Market Day

The open market was held at Threeways every Saturday and Wednesday, no matter what the weather was like, and the stalls were open from dawn till dusk with farmers steadily bringing in more and more of their produce throughout the day.
No money ever changed hands, currency was not used; Preston’s valley had a barter system in place, based on the intrinsic values of the goods being offered for sale. Mario and Via had a great deal of trouble at first, for each barterer used his or her own interpretation of an unwritten formula that had become ingrained over generations, with every possible nuance of it having been learned by heart.
The Market was always very busy, baskets of plump fruits and veggies quickly changed hands, as well as seeds, plant cuttings and roots, tubers, trees and shrubs, each one lovingly grown and indigenous to the valley. It was a serious breach of etiquette and trust between folk to sell anything that hadn’t been grown locally. Genetic engineering, that could only destroy the integrity of wild plant stock, may have been a buzzword and pet project of the world beyond, but in the valley it was considered a dreadful affront to Earth and Mother Nature, and was firmly banned. Genetic alteration wasn’t at all necessary; proper care and attention to growing principles was what was needed, not unholy fiddling with the god-given nature of plants and animals. Profoundly uninterested in doing business at any cost, the farming folk concentrated on solving their own community food needs, and stayed away from the idea of working only to make a profit. They really didn’t understand why people elsewhere didn’t grow what they wanted to eat, and trade away the excess for something else. Surely that would be easy to do and would make the best sense in the long term!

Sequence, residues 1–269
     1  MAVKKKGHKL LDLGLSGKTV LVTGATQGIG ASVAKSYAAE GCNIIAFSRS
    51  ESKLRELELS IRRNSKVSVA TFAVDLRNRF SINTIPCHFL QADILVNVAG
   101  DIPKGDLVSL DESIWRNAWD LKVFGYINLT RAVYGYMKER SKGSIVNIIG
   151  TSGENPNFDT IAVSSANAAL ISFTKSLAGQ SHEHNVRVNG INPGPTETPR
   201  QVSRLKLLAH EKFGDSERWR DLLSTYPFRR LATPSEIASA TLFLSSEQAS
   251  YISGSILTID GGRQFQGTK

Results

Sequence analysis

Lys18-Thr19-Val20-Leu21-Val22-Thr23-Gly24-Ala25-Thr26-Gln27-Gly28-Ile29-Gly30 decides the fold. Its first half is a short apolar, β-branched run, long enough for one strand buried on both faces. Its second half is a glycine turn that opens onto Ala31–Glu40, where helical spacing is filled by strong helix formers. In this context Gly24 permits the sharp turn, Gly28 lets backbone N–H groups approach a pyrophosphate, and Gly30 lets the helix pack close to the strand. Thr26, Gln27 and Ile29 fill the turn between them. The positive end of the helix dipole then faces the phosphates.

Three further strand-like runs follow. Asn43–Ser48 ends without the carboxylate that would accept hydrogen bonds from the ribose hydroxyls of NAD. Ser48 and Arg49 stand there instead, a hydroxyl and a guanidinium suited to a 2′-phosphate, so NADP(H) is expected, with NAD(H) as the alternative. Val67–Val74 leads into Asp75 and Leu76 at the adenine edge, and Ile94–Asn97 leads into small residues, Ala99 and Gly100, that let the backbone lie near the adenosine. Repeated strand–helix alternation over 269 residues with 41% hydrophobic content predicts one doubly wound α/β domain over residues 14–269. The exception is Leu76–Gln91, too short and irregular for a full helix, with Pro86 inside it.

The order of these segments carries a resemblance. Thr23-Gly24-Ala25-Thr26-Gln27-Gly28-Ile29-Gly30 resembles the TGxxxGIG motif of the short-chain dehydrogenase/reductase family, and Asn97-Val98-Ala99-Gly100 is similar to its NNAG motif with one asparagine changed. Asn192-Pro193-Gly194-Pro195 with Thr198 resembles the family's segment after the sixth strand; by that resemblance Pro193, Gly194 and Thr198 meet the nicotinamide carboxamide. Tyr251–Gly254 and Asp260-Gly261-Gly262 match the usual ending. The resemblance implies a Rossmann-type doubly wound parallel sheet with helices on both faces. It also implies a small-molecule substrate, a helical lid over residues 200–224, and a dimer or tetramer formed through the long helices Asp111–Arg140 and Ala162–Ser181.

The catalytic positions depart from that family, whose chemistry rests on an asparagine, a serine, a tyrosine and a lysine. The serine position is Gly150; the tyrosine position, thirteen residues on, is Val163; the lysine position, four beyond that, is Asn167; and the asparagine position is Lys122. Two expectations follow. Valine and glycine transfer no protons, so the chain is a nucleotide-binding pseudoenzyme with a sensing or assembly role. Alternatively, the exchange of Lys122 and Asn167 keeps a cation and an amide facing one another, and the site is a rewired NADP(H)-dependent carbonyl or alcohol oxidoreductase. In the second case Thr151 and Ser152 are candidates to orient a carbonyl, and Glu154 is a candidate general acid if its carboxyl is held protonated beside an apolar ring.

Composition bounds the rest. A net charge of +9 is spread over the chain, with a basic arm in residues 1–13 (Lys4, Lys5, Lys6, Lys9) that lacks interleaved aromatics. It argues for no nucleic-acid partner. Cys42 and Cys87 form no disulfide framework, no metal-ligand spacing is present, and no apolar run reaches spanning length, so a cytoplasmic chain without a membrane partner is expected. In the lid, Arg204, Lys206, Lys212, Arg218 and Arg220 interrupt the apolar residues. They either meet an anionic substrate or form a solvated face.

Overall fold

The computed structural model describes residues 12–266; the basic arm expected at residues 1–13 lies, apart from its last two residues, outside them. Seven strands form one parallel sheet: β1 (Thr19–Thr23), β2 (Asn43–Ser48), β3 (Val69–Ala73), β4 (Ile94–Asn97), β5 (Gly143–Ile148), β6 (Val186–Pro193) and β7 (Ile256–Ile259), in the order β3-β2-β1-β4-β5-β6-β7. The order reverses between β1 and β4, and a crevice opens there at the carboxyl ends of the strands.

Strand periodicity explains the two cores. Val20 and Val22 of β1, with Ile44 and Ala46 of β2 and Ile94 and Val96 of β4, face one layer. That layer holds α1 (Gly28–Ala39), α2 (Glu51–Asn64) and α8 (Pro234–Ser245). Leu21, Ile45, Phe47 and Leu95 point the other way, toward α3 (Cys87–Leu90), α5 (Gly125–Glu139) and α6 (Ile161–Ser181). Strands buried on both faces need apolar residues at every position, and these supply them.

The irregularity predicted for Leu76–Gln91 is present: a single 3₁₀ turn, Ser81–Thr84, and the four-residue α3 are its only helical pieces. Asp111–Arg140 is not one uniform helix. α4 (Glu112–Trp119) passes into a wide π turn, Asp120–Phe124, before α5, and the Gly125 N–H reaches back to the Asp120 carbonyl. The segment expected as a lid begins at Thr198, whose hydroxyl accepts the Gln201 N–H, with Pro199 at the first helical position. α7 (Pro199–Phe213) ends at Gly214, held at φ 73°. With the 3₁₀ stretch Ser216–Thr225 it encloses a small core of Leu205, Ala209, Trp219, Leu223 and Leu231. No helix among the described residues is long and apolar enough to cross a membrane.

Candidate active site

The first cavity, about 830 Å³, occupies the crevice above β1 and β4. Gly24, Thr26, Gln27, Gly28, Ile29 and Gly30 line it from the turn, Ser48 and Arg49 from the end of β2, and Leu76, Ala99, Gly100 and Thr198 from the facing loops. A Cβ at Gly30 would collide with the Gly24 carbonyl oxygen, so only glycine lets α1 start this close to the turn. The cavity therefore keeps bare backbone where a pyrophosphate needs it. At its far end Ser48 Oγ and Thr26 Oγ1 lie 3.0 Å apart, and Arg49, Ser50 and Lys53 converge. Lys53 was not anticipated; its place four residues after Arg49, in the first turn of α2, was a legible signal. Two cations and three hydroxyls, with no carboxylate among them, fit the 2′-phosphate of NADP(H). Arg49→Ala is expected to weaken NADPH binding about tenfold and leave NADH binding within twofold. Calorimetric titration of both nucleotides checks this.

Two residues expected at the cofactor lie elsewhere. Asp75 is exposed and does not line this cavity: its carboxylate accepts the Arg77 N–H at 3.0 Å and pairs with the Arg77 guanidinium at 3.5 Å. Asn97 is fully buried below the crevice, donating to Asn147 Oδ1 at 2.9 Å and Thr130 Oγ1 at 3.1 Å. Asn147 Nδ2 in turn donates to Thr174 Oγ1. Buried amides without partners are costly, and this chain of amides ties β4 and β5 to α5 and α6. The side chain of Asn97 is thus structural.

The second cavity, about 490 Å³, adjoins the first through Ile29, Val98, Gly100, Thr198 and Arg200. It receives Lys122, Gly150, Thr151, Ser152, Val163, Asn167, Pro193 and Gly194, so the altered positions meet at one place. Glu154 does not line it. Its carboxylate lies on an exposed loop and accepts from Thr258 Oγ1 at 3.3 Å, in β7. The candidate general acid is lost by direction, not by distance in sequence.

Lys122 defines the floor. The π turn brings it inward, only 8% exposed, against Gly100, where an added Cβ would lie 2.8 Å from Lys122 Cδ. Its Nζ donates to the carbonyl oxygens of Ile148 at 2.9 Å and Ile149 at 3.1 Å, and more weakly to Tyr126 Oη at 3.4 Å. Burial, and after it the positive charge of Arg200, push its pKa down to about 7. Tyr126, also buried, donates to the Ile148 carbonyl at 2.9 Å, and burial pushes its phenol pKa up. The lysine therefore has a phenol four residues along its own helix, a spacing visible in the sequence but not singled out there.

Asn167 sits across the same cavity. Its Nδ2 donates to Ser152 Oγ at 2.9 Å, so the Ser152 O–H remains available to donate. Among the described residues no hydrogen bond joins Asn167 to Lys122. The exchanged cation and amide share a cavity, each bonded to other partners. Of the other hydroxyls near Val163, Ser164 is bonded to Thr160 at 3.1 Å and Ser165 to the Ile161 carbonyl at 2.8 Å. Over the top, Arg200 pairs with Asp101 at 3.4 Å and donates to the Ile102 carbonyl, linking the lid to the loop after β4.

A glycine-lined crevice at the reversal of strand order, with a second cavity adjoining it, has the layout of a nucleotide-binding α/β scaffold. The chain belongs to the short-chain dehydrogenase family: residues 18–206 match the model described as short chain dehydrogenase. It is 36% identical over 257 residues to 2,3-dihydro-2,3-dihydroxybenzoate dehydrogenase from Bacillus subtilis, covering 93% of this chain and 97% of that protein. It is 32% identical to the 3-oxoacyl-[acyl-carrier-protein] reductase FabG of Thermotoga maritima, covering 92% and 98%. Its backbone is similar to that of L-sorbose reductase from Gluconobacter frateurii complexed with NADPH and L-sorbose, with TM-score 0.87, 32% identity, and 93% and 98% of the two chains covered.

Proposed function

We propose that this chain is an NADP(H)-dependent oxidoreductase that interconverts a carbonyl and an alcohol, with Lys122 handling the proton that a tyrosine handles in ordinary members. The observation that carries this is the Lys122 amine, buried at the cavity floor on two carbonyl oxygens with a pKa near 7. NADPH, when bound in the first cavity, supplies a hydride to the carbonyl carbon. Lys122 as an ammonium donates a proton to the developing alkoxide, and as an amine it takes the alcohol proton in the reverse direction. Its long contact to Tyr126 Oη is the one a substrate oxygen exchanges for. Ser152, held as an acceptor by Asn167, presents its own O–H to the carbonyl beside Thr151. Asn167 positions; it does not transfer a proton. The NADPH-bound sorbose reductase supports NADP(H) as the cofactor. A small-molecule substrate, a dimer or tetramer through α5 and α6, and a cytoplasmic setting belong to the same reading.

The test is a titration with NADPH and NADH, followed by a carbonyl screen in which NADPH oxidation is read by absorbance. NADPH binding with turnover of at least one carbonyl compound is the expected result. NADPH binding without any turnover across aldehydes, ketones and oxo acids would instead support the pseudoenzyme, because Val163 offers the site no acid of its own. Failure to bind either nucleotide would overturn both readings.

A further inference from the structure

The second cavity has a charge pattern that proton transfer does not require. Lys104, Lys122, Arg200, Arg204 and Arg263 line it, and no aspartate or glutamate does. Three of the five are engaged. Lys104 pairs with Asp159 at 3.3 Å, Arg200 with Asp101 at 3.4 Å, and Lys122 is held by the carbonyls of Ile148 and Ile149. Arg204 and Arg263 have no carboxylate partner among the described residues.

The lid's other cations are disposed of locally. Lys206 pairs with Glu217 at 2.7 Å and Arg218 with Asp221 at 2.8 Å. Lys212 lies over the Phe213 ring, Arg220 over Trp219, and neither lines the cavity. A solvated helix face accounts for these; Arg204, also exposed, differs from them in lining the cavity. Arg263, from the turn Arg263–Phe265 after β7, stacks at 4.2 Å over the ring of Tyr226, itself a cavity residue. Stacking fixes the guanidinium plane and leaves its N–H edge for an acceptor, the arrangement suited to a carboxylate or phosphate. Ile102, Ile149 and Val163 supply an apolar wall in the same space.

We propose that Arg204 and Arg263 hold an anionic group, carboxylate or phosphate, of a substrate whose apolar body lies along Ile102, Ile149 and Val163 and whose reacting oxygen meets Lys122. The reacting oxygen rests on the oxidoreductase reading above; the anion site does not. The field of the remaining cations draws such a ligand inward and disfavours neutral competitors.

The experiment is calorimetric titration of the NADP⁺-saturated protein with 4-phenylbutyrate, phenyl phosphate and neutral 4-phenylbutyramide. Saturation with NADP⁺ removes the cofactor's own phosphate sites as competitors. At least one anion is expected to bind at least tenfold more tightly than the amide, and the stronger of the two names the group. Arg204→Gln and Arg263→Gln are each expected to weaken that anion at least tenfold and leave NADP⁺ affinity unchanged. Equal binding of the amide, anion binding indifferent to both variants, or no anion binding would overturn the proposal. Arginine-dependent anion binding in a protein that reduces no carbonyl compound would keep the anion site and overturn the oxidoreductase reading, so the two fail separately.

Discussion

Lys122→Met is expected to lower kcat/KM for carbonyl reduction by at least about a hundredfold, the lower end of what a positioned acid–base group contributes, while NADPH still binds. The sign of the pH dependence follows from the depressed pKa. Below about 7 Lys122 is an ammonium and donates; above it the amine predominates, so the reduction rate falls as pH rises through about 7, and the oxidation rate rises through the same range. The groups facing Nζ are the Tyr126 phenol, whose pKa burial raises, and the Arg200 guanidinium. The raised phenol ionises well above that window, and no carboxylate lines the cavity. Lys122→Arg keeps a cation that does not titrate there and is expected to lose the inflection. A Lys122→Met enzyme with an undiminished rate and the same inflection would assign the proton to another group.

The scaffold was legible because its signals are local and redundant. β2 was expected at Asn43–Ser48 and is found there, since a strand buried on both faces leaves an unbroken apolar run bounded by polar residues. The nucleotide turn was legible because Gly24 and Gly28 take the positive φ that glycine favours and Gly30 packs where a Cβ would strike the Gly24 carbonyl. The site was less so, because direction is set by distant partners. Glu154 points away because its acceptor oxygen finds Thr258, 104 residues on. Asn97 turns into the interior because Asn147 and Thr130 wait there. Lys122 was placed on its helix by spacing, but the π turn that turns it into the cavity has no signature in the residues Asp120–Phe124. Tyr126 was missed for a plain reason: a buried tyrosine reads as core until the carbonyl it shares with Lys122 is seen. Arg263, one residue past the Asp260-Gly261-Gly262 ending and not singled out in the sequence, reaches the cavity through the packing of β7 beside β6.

On Tuesdays, in the stockyards on the far side of the rail tracks, another market for the trading of animals took place. There, as before, live animals, or butchered portions of beef, chicken, duck, goose, turkey, trout, salmon, the list was as long as an arm, were bartered away, and the exchanges were conducted with the strangest assortment of hand gestures, winkings and occasional yelling and waving of caps. It was an amazing sight, for those unused to earthy pursuits, as the Constanzas were in the beginning, to watch experts dealing with the equally well-informed. The farmers always knew the value what they had to sell and what they wanted to buy in the finest degree, and in a process as sensitive as this one, no one dared pass off tainted or inferior goods, to do that was as much as their life was worth!
Market days also served as a long-awaited opportunity for prolonged bouts of meaningful and in-depth gossip. These were the times to catch up with distant friends and family, and the Emp Cafè, never empty from sunup to sundown, and ofttimes well into the deep of the night, did a roaring trade, as group after group crowded around the wooden tables, and with laughter and friendly banter, became privy to the latest news.
The Constanzas, when they bought Hazelbank from Mrs. R upaways, had been, not so long ago, the centrepiece of those lively discussions and speculations, and Mario, now easy with this in-depth nosiness, thought it would take a bit of doing to pass off something dubious to these alert people, for by the time the day was over and everything cleared away for the next go round, everyone had had a chat with everyone else, and there were no rips or tears in the information fabric of the valley community.

taken from B’Hemoth, Prequel to The Gatherers Trilogy.

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